Isn’t it strange how we can spend hours and hours with the church, talk a lot, do things together and not really be prepared for our departure from this world. Christ has chosen you and wants to reveal himself to you. He wants to lead you to an intimate knowledge of himself so you will be prepared. Talk to him!

Needed: A Part-Time Congress

Written by Cal Thomas

The finding by the bipartisan House Ethics Committee that Rep. Charles Rangel, D-N.Y., is guilty of financial misconduct and the conviction of former Texas Republican Rep. Tom DeLay by a jury in Austin, Texas, on charges of political money laundering brings a question: Are we getting the Congress we’re paying for?I’m with Louisiana Republican Gov. Bobby Jindal, who told Human Events last week, “Make them part time; give them term limits. Don’t let them become lobbyists. When they have to live under the same rules and laws they pass for the rest of us, maybe you’d see some more common sense coming out of Washington.” Jindal, a former congressman, said once elected, too many lawmakers become entrenched in Washington and are transformed into the very people they campaigned against.I’ve seen no polling on this question, but I would bet most Americans are not clamoring for Congress to pass more laws. Several states have part-time legislatures that meet every two years to consider a budget and other truly important matters.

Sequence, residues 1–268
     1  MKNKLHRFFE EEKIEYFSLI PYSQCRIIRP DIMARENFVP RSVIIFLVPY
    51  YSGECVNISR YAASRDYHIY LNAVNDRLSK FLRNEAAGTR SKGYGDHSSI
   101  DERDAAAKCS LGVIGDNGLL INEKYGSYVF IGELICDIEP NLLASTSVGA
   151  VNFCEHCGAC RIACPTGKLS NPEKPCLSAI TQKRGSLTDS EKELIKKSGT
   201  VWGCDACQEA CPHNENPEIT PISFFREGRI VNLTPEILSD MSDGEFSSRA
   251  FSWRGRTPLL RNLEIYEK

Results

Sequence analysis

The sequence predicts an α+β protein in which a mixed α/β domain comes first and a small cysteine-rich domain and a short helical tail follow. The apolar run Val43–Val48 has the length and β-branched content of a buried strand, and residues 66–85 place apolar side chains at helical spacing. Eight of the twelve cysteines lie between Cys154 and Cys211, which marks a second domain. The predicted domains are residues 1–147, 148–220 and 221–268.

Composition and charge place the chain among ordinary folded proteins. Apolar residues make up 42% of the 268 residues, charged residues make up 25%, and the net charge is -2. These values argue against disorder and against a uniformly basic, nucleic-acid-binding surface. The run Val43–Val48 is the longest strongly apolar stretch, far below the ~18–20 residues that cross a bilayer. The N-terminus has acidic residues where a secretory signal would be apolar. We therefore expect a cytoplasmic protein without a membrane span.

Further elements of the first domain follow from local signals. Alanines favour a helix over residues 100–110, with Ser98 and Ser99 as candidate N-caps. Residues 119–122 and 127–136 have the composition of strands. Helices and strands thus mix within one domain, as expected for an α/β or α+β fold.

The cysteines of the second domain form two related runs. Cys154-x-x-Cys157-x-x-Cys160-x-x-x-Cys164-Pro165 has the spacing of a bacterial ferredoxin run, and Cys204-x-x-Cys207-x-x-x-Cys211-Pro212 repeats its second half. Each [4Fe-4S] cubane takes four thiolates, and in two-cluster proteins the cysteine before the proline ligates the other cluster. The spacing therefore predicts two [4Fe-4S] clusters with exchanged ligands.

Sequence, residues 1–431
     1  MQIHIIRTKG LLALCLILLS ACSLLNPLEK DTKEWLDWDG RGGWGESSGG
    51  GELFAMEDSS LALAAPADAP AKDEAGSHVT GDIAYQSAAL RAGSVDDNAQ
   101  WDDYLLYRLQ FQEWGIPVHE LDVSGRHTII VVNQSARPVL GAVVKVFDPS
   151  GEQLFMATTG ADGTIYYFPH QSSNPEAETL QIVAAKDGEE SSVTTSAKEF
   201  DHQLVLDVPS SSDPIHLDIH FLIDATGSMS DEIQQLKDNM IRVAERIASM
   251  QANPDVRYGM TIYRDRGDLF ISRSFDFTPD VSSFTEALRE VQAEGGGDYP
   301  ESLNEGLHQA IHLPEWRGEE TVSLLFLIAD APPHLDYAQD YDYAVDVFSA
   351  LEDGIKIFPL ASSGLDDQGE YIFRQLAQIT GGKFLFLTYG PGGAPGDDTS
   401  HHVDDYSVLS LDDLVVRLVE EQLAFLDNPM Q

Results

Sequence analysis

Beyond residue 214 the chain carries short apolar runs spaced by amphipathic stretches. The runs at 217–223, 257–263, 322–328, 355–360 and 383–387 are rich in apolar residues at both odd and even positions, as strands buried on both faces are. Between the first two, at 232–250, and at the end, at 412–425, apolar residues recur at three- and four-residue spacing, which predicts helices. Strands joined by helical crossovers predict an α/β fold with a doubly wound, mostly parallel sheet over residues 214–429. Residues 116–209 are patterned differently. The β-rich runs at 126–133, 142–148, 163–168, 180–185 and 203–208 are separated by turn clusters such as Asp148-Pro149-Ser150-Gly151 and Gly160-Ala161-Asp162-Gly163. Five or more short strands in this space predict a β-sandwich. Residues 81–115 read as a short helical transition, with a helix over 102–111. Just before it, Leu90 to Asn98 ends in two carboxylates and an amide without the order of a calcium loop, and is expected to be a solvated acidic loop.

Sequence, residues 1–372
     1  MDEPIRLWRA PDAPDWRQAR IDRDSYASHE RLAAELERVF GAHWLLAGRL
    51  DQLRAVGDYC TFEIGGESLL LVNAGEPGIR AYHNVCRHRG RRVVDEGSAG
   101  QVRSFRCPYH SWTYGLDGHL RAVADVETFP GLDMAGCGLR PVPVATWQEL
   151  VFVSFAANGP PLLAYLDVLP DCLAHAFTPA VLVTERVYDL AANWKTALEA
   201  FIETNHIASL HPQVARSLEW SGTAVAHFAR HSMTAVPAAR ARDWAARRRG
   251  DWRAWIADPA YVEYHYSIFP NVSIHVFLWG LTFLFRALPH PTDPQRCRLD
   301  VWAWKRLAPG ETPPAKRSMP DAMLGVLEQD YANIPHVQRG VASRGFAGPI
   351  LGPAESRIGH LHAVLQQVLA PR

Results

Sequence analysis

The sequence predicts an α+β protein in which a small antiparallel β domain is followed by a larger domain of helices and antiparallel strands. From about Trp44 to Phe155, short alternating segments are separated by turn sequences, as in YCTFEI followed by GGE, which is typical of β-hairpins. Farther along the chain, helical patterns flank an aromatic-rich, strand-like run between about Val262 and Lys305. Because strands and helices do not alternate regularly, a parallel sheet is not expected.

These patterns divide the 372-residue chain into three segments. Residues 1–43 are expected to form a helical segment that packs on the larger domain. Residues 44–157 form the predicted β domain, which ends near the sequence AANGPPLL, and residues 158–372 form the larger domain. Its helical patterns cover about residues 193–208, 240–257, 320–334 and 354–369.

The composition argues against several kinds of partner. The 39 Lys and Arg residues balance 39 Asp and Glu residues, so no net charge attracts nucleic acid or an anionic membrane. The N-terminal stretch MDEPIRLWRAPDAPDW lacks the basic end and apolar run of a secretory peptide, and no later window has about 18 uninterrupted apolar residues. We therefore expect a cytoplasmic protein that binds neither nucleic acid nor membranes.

I’ve seen no polling on this question, but I would bet most Americans are not clamoring for Congress to pass more laws. Several states have part-time legislatures that meet every two years to consider a budget and other truly important matters. At other times, the part-time legislature is on-call should anything momentous occur. Should Congress follow suit? Maybe if it did we would be better off. A part-time Congress might reduce the temptations exemplified by Rangel and DeLay.